O Visa – New Guidance for Individuals of Extraordinary Ability

By Angela Ho & Nancy E. Miller

dreamstime_s_21147220-300x239U.S. Citizenship and Immigration Services (USCIS) has released long-awaited policy guidance for adjudicating O nonimmigrant petitions in cases where comparable evidence is introduced as an alternative standard. The government grants O-1A and O-1B visas to those individuals of objectively “extraordinary ability” in the fields of science, education, business, athletics or the arts. Ballet dancers and choreographers, Olympic champions, movie and TV production crew, pioneering researchers and professors, innovative artists and designers, fine dining chefs and Nobel Prize laureates are just a few examples of individuals who can be eligible for an O visa. For many, the challenge of a successful O petition is convincing the government that the body of achievement submitted rises to the level of “extraordinary ability” and relates to the requested period in the United States.

Normally, the beneficiary can demonstrate “extraordinary ability” by submitting evidence listed in the regulations—such as awards, publications, and other widely recognized distinctions—that prove that the individual is operating at the highest level in their field. In some cases, demonstrating extraordinary ability in particular fields does not neatly comport with the list of acceptable evidence. For those individuals, the “comparable evidence” provision exists as a catch-all umbrella for USCIS to accept equivalent forms of evidence not enumerated in the regulations. However, in order to even use this provision, petitioners have had to first establish that the majority of the listed criteria do not readily apply to the beneficiary’s occupation. Once that case is made, only then will USCIS consider the comparable evidence provided.

USCIS’ new guidance firmly does away with this numerically driven requirement. USCIS will now consider equivalent, comparable evidence in support of the beneficiary’s claim of extraordinary ability instead of disregarding it if they believe other means listed in the regulations would suffice. By interpreting the regulations in a more open manner, the government acknowledges that extraordinary ability in an occupation can fit more than one conventional measure of achievement. Comparable evidence can now be considered on equal footing with the other listed evidence in the regulations rather than a last resort alternative after other avenues have been exhausted. By allowing comparable evidence to be more readily considered in adjudications, the government has expanded the scope of O visa eligibility to be more fair and inclusive. In this day and age, innovative or unconventional occupations that nonetheless entail extraordinary ability should be eligible for O visas and the government’s new guidance concurs with this new reality.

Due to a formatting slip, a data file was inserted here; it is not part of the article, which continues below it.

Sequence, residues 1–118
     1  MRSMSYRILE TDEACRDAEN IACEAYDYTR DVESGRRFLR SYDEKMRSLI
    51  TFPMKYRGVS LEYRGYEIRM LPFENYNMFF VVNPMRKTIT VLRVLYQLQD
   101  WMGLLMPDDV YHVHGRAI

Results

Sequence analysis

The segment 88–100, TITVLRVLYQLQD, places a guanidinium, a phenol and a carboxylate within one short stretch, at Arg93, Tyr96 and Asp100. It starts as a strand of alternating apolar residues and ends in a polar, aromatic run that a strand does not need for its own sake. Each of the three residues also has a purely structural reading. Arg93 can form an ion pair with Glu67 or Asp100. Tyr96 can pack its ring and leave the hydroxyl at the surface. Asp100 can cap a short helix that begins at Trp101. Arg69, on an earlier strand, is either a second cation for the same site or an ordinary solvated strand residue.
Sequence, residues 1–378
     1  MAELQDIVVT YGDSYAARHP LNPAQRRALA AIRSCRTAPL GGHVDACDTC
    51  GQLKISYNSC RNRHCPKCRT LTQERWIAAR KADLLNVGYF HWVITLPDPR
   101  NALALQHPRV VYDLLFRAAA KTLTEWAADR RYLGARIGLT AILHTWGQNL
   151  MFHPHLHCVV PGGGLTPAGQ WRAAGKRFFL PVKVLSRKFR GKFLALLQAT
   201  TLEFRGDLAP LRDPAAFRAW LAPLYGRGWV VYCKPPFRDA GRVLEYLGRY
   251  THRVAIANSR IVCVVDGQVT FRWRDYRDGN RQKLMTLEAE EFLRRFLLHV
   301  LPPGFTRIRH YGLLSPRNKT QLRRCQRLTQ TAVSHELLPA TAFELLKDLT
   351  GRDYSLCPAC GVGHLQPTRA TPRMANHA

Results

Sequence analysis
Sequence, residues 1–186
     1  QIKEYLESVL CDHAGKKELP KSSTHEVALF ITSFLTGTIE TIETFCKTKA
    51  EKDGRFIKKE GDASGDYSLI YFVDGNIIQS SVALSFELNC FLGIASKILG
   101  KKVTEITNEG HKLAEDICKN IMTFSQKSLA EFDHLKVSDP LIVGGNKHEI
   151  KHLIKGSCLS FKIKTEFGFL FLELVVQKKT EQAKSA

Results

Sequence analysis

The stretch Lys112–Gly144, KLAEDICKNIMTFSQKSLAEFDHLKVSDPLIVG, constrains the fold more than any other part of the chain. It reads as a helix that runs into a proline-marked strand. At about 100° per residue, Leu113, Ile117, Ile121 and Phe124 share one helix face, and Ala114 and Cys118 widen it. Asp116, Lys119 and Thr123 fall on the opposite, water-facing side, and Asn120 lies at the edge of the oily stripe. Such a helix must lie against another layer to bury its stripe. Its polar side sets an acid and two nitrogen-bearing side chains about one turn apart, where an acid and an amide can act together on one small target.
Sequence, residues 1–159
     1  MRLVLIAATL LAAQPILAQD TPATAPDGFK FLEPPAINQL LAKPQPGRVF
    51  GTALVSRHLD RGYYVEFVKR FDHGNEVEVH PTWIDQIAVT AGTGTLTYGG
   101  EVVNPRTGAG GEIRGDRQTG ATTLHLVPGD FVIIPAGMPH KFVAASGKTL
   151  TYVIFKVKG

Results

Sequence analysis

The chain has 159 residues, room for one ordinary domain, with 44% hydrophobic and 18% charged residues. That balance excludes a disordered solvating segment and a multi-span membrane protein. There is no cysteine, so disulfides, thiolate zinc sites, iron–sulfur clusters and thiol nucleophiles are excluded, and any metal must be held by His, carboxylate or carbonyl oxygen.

In the policy memo, USCIS lays out how officers should now adjudicate O visas when a beneficiary wishes to use comparable evidence. If a particular criterion in the regulations does not apply to the beneficiary’s occupation, the comparable evidence provision can then be used to provide additional relevant evidence even if other listed means are available. Before, USCIS officers would deny O visas on the grounds that the other listed evidentiary means were not exhausted. Now, the guidance states that summary denial should not result in those grounds.

Some guidelines apply for employing comparable evidence. First, the petitioner must explain why a particular evidentiary criterion is not easily applicable to the beneficiary’s occupation. Second, the petitioner must give an argument for why the submitted comparable evidence is equivalently significant. Third, even with the revised acceptance of comparable evidence in O visa adjudications, petitioners must still take care to satisfy O eligibility requirements under the regulations. Additionally, the standard of review for establishing eligibility requirements of the O-1A and O-1B remains a preponderance of the evidence—the petitioner must show that what it claims is “more likely true” or “probably” true.

Nevertheless, this is undoubtedly good news for those individuals of extraordinary ability who may have less recognizable accolades of excellence. Although we will have now have new considerations on how to approach O-1A and O-1B petitions, USCIS’ guidance shows that the government is willing to take a less rigid position on these nonimmigrant visas. Overall, USCIS asserts that it will assess the petition on both the quality and quantity of evidence offered. Arbitrary dismissal of good, probative evidence, which aggrieved past O-1 hopefuls, should hopefully be an uncommon occurrence. A final version of the policy memorandum should be released by the end of this year.

Applications for a visa for one with extraordinary ability are best done by an attorney with extraordinary ability.  For that reason, be sure that the lawyer you hire is one who is an experienced and knowledgeable immigration lawyer.